Physicist

Physicist

Isaac Newton was a revolutionary figure in the development of modern physics as an exact science.

A physicist is a scientist who specializes in physics research. Physicists study a wide range of physical phenomena in many branches of physics spanning all length scales: from sub-atomic particles of which all ordinary matter is made (particle physics) to the behavior of the material Universe as a whole (cosmology).

The term "physicist" was coined by William Whewell in his 1840 book The Philosophy of the Inductive Sciences.[1]

Contents

  • Education 1
  • Honors and awards 2
  • Employment 3
  • List of important physicists 4
  • See also 5
  • References 6
  • Further reading 7
  • External links 8

Education

Albert Einstein developed the theory of general relativity.

Most material a student encounters in the undergraduate physics curriculum is based on discoveries and insights of a century or more in the past. Alhazen's intromission theory of light was formulated in the 11th century; Newton's laws of motion and Newton's law of universal gravitation were formulated in the 17th century; Maxwell's equations, 19th century; and quantum mechanics, early 20th century. The undergraduate physics curriculum generally includes the following range of courses: chemistry, classical physics, kinematics, astronomy and astrophysics, physics laboratory, electricity and magnetism, thermodynamics, optics, modern physics, quantum physics, nuclear physics, particle physics, and solid state physics. Undergraduate physics students must also take extensive mathematics courses (calculus, differential equations, linear algebra, complex analysis, etc.), and computer science and programming. Undergraduate physics students often perform research with faculty members.

Many positions, especially in research, require a doctoral degree. At the Master's level and higher, students tend to specialize in a particular field. Fields of specialization include experimental and theoretical astrophysics, atomic physics, molecular physics, biophysics, chemical physics, medical physics, condensed matter physics, cosmology, geophysics, gravitational physics, material science, nuclear physics, optics, particle physics, and plasma physics. Post-doctoral experience may be required for certain positions.

Honors and awards

The highest honor awarded to physicists is the Nobel Prize in Physics, awarded since 1901 by the Royal Swedish Academy of Sciences.

Employment

The three major employers of career physicists are academic institutions, government laboratories, and private industries, with the largest employer being the last.[2] Many trained physicists, however, apply their skills to other activities, in particular to engineering, computing, and finance, often quite successfully. Some physicists take up additional careers where their knowledge of physics can be combined with further training in other disciplines, such as patent law in industry or private practice. In the United States, a majority of those in the private sections having a physics degree actually work outside the fields of physics, astronomy and engineering altogether.[3]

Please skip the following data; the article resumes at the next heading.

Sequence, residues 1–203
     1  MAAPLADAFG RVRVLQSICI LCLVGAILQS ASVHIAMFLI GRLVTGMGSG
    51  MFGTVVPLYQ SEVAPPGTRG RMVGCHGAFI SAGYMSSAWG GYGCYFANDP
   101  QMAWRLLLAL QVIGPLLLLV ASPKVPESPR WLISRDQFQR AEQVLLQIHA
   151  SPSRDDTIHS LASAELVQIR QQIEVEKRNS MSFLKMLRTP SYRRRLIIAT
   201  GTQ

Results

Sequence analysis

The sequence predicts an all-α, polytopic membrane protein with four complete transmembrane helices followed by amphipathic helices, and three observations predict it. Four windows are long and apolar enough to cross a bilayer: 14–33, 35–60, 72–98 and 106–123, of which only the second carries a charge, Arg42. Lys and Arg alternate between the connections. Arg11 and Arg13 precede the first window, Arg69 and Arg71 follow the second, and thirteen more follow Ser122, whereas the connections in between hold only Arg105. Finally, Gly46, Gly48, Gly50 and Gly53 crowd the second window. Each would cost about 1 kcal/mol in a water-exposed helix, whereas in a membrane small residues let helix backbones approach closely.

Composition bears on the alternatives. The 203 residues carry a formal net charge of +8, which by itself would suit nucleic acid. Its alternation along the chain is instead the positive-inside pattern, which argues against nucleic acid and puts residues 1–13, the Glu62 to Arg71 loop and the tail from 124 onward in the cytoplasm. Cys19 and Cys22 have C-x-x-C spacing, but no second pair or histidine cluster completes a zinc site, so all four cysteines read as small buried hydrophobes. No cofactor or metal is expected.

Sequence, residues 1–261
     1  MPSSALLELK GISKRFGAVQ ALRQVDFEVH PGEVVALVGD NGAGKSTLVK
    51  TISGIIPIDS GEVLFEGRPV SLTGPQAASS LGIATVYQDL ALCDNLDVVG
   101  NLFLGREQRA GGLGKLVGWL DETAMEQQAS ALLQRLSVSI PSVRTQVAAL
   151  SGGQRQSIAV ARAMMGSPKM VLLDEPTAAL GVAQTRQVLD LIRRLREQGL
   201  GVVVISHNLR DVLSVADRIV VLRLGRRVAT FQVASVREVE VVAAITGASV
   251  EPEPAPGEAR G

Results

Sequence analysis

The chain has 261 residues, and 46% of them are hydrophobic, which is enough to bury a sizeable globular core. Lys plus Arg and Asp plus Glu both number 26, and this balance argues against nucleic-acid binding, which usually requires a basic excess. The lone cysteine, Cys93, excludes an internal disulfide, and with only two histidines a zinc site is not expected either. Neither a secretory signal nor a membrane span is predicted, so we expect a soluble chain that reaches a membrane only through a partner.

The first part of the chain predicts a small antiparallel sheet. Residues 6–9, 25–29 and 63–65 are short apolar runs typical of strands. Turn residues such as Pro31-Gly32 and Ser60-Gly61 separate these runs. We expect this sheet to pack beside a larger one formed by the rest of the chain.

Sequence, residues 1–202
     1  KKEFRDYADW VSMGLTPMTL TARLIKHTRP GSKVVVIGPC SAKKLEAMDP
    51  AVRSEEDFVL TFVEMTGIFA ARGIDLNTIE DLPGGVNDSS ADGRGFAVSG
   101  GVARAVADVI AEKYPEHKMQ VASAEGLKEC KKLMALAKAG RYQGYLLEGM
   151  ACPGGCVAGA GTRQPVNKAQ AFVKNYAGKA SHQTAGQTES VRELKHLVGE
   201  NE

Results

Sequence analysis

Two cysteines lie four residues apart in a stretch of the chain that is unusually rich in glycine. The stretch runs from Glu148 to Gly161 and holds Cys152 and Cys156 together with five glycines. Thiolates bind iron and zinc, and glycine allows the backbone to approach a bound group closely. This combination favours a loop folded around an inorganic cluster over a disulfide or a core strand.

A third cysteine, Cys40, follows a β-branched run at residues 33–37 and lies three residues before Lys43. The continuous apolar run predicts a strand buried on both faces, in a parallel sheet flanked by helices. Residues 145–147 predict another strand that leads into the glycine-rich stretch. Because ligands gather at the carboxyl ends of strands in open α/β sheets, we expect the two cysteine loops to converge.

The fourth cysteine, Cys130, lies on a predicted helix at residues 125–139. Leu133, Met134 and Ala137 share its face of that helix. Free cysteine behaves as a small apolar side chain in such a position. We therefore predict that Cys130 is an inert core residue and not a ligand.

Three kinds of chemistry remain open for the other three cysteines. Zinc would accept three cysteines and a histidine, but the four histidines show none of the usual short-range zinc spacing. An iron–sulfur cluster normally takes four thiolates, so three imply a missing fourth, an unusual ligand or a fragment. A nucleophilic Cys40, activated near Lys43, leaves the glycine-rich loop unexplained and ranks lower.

Nobel laureate Sir Joseph Rotblat has suggested that physicists going into employment in scientific research should honour a Hippocratic Oath for Scientists.

List of important physicists

The following is a gallery of highly influential and important figures in the history of physics. For a list that includes even more people, see list of physicists.

See also

References

  1. ^ Whewell, William. The Philosophy of the Inductive Sciences Part 1. Cambridge: John W Parker J&J Deighton. p. cxiii. [1]
  2. ^ AIP Statistical Research Center. "Initial Employment Report, Fig. 7". Archived from the original on January 13, 2007. Retrieved August 21, 2006.  Also relevant is: Institute of Physics. "Education Statistics, Graph 4.11". Retrieved August 21, 2006. 
  3. ^ AIP Statistical Research Center. "Initial Employment Report, Table 1". Retrieved August 21, 2006. 
  4. ^ Bondyopadhyay, Prebir K. (1995). "25th European Microwave Conference, 1995". p. 879.  
  5. ^ "Guglielmo Marconi: The Nobel Prize in Physics 1909"
  6. ^ Bondyopadhyay, P.K. (1998). "Sir J.C. Bose diode detector received Marconi's first transatlantic wireless signal of December 1901 (the 'Italian Navy Coherer' Scandal Revisited)". Proceedings of the IEEE 86: 259.  
  7. ^ Roy, Amit (8 December 2008). "Cambridge 'pioneer' honour for Bose". The Telegraph ( 

Further reading

  • Whitten, Barbara L.; Foster, Suzanne R.; Duncombe, Margaret L. (2003). "What works for women in physics?".  
  • Kirby, Kate; Czujko, Roman; Mulvey, Patrick (2001). "The Physics Job Market: From Bear to Bull in a Decade". Physics Today 54 (4): 36.  
  • Hermanowicz, Joseph C. (1998). The Stars Are Not Enough: Scientists--Their Passions and Professions. University of Chicago Press.  
  • Hermanowicz, Joseph C. (2009). Lives in Science: How Institutions Affect Academic Careers. University of Chicago Press.  

External links

  • Education and employment statistics from the American Institute of Physics
  • Occupational Outlook Handbook
  • Physicists and Astronomers; US Bureau of Labor Statistics, Occupational Outlook Handbook, Physicists and Astronomers